Cliff Hudspeth, the leader of a band of outlaws in Arizona, has won his place by the killing of notorious gun-bullies. At their headquarters, in the Gila Mountains, in consultation with "... See full summary »

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Cast

Cast overview:
...
Cliff Hudspeth
Margery Wilson ...
Norma Wright
Roy Laidlaw ...
El Salvador
...
'Ace High' Larkins (as J.J. Dowling)
Milton Ross ...
'Cactus' Fuller
J.P. Lockney ...
Col. Ellis Lawton
...
Jimmy Wright
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Storyline

Cliff Hudspeth, the leader of a band of outlaws in Arizona, has won his place by the killing of notorious gun-bullies. At their headquarters, in the Gila Mountains, in consultation with "Ace High," his lieutenant, he plans depredations on the neighboring settlements. Although Hudspeth is powerful, their rule is disputed by El Salvador, a half-breed, and his following of desperadoes. Desert Pass is the scene of many conflicts between the contending bands. Rumors of the arrival of miners with gold causes El Salvador to send "Cactus" Fuller, his henchman, to levy tribute by a hold-up, which is successful. Flushed with triumph, he boasts in the "Golden Fleece" saloon of the ignominies to which he would treat Cliff Hudspeth if he ever met him. Hudspeth arrives and makes Cactus, whom he throws out of the saloon, realize that something must be done to retrieve a shattered reputation. Coming out of the saloon, Hudspeth sees Norma Wright, a milliner, standing at the door of her little store, ... Written by Moving Picture World synopsis

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Plot Keywords:

gunman | outlaw | cowboy | See All (3) »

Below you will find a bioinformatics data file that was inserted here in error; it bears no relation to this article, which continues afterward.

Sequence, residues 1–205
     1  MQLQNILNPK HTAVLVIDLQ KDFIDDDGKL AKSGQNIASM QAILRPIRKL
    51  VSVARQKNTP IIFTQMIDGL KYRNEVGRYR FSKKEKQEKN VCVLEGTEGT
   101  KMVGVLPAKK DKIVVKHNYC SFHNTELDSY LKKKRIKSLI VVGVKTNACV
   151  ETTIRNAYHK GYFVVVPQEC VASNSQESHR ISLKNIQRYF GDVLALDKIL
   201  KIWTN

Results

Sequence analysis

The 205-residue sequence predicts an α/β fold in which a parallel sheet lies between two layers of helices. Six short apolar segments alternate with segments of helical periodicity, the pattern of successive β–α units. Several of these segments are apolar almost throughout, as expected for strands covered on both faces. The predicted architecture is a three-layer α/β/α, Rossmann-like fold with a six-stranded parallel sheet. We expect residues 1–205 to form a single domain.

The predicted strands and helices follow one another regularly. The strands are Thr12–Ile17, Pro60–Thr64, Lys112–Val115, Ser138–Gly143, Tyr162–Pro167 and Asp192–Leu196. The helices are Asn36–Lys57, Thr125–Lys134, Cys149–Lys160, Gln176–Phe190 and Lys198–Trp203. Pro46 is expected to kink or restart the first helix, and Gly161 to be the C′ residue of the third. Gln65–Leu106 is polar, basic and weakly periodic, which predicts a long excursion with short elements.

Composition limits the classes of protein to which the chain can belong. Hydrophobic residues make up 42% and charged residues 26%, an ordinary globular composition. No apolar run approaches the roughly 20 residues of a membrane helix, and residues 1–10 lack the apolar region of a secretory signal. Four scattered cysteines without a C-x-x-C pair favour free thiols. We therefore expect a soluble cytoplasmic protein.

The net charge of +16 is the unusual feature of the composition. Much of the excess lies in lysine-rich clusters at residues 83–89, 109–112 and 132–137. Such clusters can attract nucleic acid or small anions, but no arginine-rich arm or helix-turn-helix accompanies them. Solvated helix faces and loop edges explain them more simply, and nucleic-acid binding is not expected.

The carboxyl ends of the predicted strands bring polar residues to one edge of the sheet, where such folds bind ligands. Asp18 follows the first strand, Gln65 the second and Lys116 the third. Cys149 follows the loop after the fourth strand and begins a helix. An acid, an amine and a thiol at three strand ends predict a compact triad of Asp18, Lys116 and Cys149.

Genres:

Western

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Release Date:

11 February 1917 (USA)  »

Also Known As:

Le justicier  »

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1.33 : 1
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He is the same man he was in other plays of the same kind
2 February 2015 | by (Chicago) – See all my reviews

"The Gun-Fighter," by Monte M. Katterjohn, is well constructed and consistent in both development and direction, but it is too obviously a vehicle for Mr. Hart and therefore lacking in that first value of a play, originality. Mr. Katterjohn has done much better work, especially in characterization. This story reverts to a role Mr. Hart ought to be thoroughly tired of, that of a Western tough whose soft spot is found by a woman of refinement. He has played it so often that one might get the impression that he would not be effective in any other part, whereas he would really be more impressive in a purely human characterization, that of a man of complex impulses and qualities, rather than the purely heroic, long since shelved by dramatists and novelists as lacking in verisimilitude. Few of us are really heroic, but the very fact that we are human and err at times while we go straight at others brings such an impersonation closer to audience sympathies. Mr. Hart, to use a newspaper expression, "follows copy." He is the same man he was in other plays of the same kind, the same exponent of brute strength, modified in some sudden and almost unaccountable conversion when a young lady comes on the scene, as if he had never seen one before in his whole life. As a gun-fighter he must be quick to shoot, yet he makes the heroic claim that he always gives the other fellow a chance. There is really nothing even heroic about being a good shot. How much more fascinating to see so capable an actor play the part of a real man, "In doubt to act or rest, in doubt to deem himself a god or beast, in doubt his mind or body to prefer, born but to die and reasoning but to err." "Sole judge of truth, in endless error hurled, the glory, jest and riddle of the world." Hart's interesting personality and the constant action of "The Gun-Fighter" constitute its chief attractions. – The Moving Picture World, February 10, 1917


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